Food prices are too damn high; here’s what can bring them down
Rising food costs have become one of consumers’ biggest headaches. For many, it’s turned into a full-blown crisis.
In August, home food preparation costs and dining out prices were up 13.5% and 8% from last year, respectively.
Some of the highest increases in food costs: eggs (39.8%), chicken (16.6%) and flour (23.3%).
Why are food costs so ridiculously high?
- Avian bird flu outbreak impacted the supply of chicken.
- Ukraine war sent wheat, soybean and other food commodity prices up.
- Crop damage from severe droughts across the globe.
Europe’s drought is the worst in 500 years. In India — which accounts for 40% of the global rice trade — rice planting has fallen 8% this season from a lack of rain.
When will food prices go down?
That’s the question on everyone’s mind, but luckily, we’re already seeing signs of falling food prices.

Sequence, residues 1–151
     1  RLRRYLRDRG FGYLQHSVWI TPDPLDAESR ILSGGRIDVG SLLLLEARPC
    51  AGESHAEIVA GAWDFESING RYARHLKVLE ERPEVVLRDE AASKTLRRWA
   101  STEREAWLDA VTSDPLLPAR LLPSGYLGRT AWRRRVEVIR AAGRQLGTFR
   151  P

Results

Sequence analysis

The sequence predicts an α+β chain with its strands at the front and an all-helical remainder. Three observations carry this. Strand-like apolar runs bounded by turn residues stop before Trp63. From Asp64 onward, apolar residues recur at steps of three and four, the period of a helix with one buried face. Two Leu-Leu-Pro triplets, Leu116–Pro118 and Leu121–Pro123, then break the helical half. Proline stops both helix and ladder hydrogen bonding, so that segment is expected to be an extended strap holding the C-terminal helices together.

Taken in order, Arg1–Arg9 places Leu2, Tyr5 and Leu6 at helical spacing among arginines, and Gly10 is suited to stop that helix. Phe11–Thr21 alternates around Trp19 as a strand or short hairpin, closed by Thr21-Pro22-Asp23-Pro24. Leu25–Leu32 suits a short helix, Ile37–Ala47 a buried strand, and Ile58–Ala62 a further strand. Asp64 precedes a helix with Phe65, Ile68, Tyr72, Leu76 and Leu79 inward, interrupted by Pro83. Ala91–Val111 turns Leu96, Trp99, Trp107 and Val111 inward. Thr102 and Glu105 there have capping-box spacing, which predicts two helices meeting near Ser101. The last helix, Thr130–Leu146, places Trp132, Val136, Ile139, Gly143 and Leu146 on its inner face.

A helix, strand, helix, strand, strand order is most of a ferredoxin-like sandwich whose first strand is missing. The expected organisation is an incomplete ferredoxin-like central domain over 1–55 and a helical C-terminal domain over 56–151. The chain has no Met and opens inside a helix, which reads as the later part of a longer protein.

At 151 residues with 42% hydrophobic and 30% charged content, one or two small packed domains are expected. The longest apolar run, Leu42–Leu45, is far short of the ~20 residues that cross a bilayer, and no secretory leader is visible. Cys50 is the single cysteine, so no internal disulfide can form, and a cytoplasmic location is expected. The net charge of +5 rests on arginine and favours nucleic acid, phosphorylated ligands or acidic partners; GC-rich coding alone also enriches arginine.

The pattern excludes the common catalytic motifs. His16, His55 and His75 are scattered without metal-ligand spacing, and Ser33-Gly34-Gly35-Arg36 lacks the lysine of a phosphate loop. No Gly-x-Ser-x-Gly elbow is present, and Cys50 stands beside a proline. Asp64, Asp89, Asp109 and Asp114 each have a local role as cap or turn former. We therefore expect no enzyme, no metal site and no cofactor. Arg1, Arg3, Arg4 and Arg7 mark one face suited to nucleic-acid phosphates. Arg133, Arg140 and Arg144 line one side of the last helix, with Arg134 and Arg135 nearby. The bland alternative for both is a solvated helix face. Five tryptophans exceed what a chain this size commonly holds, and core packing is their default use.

The U.N.’s Food Prices Index — which tracks the prices of five breadbasket staples — cereals, vegetable oil, dairy, meat and sugar — has fallen for five consecutive months.
Here’s what could continue lowering food prices:
- Ukraine has reopened its shipping ports under a July deal with Russia to unblock grain exports.
- Transport (i.e., shipping and gasoline) costs are falling. These costs make up one of the largest portions of food costs.
But we’re not out of the oven yet.
- Bad weather conditions could send prices soaring before the harvesting season ends.
- Global warming could continue to impact food costs.
Read: Global food crisis is leading to strong demand for Deere’s (NYSE:DE) tractors.